Hannity Ignores Evidence To Attack Susan Rice Over '98 Embassy BombingsNovember 30, 2012 6:51 PM EST ››› CHELSEA RUDMAN & DAVID SHERE
Sean Hannity implied that U.N. Ambassador Susan Rice was complicit in security failures surrounding the 1998 bombings at U.S. embassies in Africa by drawing parallels between those incidents and the recent attack in Benghazi, Libya. But recent reports have made it clear that Rice was not to blame for a lack of security at the African embassies.
Hannity was echoing criticism made by Sen. Susan Collins (R-ME). After meeting with Rice, Collins told reporters on Thursday that she was troubled by parallels she claimed to see between the attack in Benghazi and the 1998 bombings of U.S. embassies in Kenya and Tanzania, when Rice was assistant secretary of state for African affairs.
The Associated Press reported that review boards established to investigate the 1998 bombings "did not find reasonable cause that any U.S. employee breached his duty in [connection] with the bombings" and noted, "Rice was not blamed." The Huffington Post reported that members of those review boards have said Rice was not responsible for inadequate security; review board member Philip Wilcox said he didn't "remember any inference or allegation that Susan Rice had been negligent" in her role at the State Department, while Michael Armacost, who was also on one of the review boards, said, "I don't recall anything about [Rice having a role]."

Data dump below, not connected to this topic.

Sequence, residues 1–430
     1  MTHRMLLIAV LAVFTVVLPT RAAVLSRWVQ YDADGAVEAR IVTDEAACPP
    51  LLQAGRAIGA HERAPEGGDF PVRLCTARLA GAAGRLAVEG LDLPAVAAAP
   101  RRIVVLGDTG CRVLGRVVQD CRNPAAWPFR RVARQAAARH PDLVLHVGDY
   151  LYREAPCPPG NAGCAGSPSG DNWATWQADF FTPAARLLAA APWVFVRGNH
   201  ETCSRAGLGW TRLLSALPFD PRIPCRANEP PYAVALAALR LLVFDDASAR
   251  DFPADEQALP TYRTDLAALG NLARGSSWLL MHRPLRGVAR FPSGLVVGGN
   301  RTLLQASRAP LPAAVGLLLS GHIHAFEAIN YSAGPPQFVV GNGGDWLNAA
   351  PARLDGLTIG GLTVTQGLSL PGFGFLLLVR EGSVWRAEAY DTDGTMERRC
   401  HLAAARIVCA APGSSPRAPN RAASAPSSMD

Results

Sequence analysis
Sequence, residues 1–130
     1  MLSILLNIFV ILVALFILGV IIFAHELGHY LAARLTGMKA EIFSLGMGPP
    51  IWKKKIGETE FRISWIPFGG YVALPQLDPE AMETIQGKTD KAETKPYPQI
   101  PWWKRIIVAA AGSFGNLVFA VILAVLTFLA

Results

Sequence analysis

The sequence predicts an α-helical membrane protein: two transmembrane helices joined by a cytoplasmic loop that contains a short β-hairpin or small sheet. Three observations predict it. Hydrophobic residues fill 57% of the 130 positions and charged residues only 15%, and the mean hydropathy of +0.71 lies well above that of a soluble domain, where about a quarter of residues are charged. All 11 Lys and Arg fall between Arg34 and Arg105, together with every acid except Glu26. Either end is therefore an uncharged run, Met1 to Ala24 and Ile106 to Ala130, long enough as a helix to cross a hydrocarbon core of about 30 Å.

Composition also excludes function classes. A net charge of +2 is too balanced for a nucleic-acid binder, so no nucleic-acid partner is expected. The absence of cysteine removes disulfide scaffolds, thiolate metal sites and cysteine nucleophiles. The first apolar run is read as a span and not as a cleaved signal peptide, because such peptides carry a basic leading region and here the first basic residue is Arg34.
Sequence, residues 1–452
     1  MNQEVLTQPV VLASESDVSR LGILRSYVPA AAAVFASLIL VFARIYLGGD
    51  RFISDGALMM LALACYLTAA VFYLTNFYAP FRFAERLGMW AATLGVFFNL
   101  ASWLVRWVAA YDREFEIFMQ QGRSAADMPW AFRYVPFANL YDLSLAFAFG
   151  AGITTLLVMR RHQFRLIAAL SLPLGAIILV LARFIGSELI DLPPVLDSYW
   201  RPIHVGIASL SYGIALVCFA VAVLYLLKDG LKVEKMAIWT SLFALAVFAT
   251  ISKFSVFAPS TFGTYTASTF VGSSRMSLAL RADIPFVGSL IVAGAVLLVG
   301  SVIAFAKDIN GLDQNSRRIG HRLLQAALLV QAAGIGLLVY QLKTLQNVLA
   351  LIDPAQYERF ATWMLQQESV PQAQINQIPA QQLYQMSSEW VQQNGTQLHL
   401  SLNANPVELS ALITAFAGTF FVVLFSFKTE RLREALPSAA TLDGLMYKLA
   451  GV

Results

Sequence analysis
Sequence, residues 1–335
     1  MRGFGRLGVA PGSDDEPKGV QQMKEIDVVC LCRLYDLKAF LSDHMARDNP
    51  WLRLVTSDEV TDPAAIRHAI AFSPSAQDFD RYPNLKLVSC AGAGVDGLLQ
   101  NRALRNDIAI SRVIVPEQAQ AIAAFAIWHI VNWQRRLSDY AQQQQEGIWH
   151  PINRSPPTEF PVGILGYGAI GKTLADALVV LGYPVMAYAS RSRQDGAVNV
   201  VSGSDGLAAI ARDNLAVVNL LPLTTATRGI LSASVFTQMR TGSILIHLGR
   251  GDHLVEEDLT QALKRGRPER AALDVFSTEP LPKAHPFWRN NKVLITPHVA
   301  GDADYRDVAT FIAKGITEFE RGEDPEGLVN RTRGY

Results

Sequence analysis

Further, as Mother Jones' David Corn pointed out, Rice was not mentioned in the boards' reports at all. Corn noted that Rice "was a policy person who would not be in charge of embassy or security operations."
Yet on Thursday night, Hannity echoed Collins' remarks, saying that those at the embassy in Kenya had requested additional security before the bombings. He also pointed out that Rice delivered televised remarks following both the '98 attacks in Africa and the Benghazi attack, and accused Rice of "propagandiz[ing]" in both sets of appearances. Hannity concluded, "Tell me where this doesn't sound familiar," and later said the Africa bombings were "so very similar to Benghazi, and assistance denied again."
Hannity is also wrong to characterize Rice's televised appearances after Benghazi as "propagandiz[ing]." Fox News hosts have repeatedly attacked Rice for the comments she made on Sunday news shows on September 16, particularly for linking the attack to an anti-Islam video made in the U.S. But intelligence officials and media reports have confirmed that Rice was accurately conveying information provided by the intelligence community. Further, subsequent reporting has shown that some attackers said they were motivated by the anti-Islam video that Rice referenced.